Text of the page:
Latest Edu-Reads

If you have kids hopping on a bright yellow bus this month, I encourage you to check out Bellwether’s latest work on school buses.

I’ll be talking pensions and health care costs at this October event on education budgets hosted by AEI and Fordham. I’m biased, but it looks like a great line-up of panelists.

“…US births in 2018 totaled just 3,788,235, the lowest annual number of births in 32 years…” That’s part of this detailed look at U.S. Census projections. Schools will start to feel the effects of these trends in a couple years.

In the college remediation space, there was lots of hope for California’s Early Assessment Program (EAP), which provides information to 11th graders about whether they would need remediation at Cal State universities. If students score above a certain threshold on the EAP, they are automatically exempt from remedial classes. If they score below the threshold, they are encouraged to take additional coursework in 12th grade. In theory, it’s a nice way to provide earlier, actionable information to students, and a preliminary study of one CSU institution found that the EAP program reduced the need for remediation by 6.2 percentage points in English and 4.3 percentage points in math. However, a new, larger study found smaller effects across all 23 CSU institutions. The authors estimate that the EAP program leads to 1,200-1,400 fewer students placed in remedial math or remedial English annually. However, the effects seem to be driven by providing students just above the threshold an exemption from remedial courses. This testing effect appears to be more powerful than the informational aspect of the program.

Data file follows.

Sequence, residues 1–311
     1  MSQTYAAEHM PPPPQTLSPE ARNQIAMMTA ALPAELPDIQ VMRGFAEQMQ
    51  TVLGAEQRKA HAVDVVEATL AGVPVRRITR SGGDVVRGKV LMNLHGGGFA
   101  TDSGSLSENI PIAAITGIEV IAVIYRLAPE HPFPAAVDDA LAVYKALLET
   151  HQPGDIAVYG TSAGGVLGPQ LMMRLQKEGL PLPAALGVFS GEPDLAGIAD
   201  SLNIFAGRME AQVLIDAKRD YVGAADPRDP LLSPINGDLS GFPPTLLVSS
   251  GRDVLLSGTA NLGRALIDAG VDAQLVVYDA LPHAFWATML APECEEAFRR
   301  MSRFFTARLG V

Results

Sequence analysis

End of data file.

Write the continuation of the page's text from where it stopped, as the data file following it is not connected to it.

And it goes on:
We’re going to be hearing a lot about Success Academy this fall thanks to Robert Pondiscio’s forthcoming book* on the New York charter school network. In the meantime, check out this news: Every single student at Success Academy Flatbush passed state reading and math tests last year, a feat achieved by only two other NYC schools since 2013. Robert Bellafiore suggests Democratic presidential candidates should spend more time in schools like this.

This blog post by David Evans is a short, accessible entry point to Matt Kraft’s important work on interpreting effect sizes. As someone who straddles the education research and policy worlds, for me it was a helpful reminder of just how hard it is to “dramatically” move the needle in education. Education reform is a long game that will require lots of incremental improvements rather than one magic pill. Funders and ideologues looking for a quick fix are likely to be disappointed.

–Guest post by Chad Aldeman 

*Disclosure: I got my hands on an advance copy of the book and am about 50 pages in. It’s good so far! I’ll share more thoughts after I finish.